Newspaper article by the most famous Indonesian anti-colonial writer and revolutionary Ernest Douwes Dekker on the duties and loyalties of Dutch colonials. The article 'Our Duty' was published in the socialist Dutch newspaper Het Volk [The People] on 24 September 1914. To read the original article and the English translation please click on the sources above; the article is on the first page of the newspaper.
Alongside belligerent colonials such as the Indians and the Algerians, ‘neutral colonials’ such as the Indonesians, part of the Dutch empire, were also reconsidering loyalties, friendships, and enmities during the war.
In this newspaper article, the most famous Indonesian anti-colonial writer and leader of the first nationalist party Ernest Douwes Dekker publicly offered, on 19 September 1914, his loyalty to the Dutch government which had banished him from the Dutch East Indies in 1913. In September 1914 he claimed that in times of great danger, every nationalist activity became secondary to maintaining the territorial integrity of the Dutch East Indies. For like many Indonesians, Douwes Dekker feared that the very poorly defended Dutch colony would fall into foreign (particularly Japanese) hands. He also called for Dutch vigilance on the religious appeal of the Ottoman empire to the more than 40 million Muslims native in the Dutch East Indies.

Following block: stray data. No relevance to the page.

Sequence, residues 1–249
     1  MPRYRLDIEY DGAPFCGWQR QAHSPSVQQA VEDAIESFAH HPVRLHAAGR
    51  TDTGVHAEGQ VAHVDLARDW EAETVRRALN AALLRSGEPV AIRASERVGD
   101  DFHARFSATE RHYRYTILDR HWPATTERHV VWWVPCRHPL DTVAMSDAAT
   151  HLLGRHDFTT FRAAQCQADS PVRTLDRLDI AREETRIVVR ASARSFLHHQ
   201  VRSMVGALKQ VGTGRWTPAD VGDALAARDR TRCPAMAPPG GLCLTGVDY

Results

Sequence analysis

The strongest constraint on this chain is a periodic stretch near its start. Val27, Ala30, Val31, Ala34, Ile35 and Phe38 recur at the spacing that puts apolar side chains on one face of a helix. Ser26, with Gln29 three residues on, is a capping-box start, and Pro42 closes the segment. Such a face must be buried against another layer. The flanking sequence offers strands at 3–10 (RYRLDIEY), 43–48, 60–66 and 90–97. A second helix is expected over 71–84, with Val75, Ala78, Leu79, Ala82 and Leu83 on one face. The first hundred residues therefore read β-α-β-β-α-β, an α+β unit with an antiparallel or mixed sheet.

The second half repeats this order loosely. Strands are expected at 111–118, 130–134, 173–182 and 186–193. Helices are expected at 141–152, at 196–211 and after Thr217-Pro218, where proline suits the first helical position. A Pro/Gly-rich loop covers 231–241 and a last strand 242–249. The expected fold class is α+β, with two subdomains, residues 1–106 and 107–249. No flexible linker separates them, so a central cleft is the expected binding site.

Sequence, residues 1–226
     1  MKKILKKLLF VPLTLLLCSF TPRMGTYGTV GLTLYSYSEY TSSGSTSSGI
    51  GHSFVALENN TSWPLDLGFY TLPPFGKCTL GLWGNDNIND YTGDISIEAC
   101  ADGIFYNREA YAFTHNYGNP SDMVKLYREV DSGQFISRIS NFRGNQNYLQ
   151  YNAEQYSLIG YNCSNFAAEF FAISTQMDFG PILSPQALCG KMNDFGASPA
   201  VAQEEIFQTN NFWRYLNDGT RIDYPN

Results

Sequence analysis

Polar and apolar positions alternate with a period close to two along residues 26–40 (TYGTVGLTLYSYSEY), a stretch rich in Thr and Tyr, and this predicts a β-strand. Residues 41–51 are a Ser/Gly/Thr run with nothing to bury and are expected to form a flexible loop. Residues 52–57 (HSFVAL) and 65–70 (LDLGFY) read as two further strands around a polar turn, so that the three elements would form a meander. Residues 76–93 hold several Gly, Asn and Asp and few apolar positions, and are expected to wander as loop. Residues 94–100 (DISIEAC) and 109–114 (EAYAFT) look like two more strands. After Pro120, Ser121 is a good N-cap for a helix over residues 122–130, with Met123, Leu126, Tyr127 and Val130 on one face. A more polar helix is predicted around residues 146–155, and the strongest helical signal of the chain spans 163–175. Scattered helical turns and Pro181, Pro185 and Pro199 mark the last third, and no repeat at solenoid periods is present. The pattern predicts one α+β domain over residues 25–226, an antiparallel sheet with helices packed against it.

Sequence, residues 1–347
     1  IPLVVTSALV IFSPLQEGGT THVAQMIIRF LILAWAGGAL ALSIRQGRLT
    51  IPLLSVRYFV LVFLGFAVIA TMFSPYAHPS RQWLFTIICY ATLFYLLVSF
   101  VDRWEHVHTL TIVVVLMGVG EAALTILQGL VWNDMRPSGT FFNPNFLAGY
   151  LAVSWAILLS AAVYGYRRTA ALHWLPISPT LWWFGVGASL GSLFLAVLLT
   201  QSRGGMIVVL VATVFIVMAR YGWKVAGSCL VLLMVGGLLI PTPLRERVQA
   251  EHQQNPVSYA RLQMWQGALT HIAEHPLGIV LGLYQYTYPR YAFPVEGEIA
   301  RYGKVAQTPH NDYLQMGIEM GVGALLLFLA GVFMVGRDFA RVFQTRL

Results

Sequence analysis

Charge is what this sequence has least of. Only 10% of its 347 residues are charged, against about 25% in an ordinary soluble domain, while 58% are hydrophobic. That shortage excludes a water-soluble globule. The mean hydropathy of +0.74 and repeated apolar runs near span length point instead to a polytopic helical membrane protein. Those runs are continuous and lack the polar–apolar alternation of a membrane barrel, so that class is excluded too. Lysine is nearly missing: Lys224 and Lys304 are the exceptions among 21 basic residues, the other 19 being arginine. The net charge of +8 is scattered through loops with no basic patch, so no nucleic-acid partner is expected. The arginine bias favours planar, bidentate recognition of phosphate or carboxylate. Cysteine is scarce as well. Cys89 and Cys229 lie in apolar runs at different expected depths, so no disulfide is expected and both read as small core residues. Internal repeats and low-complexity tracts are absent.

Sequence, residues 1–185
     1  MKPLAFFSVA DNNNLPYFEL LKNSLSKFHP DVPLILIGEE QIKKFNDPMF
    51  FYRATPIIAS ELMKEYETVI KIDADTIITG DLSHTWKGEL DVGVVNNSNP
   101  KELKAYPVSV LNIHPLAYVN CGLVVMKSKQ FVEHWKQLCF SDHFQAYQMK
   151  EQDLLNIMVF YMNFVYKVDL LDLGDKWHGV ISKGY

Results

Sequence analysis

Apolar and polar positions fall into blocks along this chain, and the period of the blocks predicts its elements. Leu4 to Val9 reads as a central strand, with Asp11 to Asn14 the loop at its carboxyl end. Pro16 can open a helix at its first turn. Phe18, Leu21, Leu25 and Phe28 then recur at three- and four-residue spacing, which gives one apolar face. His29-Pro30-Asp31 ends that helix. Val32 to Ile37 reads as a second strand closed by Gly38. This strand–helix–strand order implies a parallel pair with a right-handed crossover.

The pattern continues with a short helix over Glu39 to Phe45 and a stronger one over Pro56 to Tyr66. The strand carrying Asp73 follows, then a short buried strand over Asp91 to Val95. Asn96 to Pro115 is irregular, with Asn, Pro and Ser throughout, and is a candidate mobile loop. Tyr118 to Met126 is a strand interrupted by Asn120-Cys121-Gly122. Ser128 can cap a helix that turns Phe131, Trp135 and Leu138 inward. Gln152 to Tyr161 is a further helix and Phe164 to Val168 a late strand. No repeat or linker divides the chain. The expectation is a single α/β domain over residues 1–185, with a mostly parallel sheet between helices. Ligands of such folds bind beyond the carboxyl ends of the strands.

Douwes Dekker probably used this public pledge of loyalty as a diversionary action. Behind the scenes, he secretly met with German and Indian agents to assist them in their attempts to throw off the British yoke in India and to get back to the Dutch East Indies – which was forbidden by the Dutch government – in order to continue with his political activities.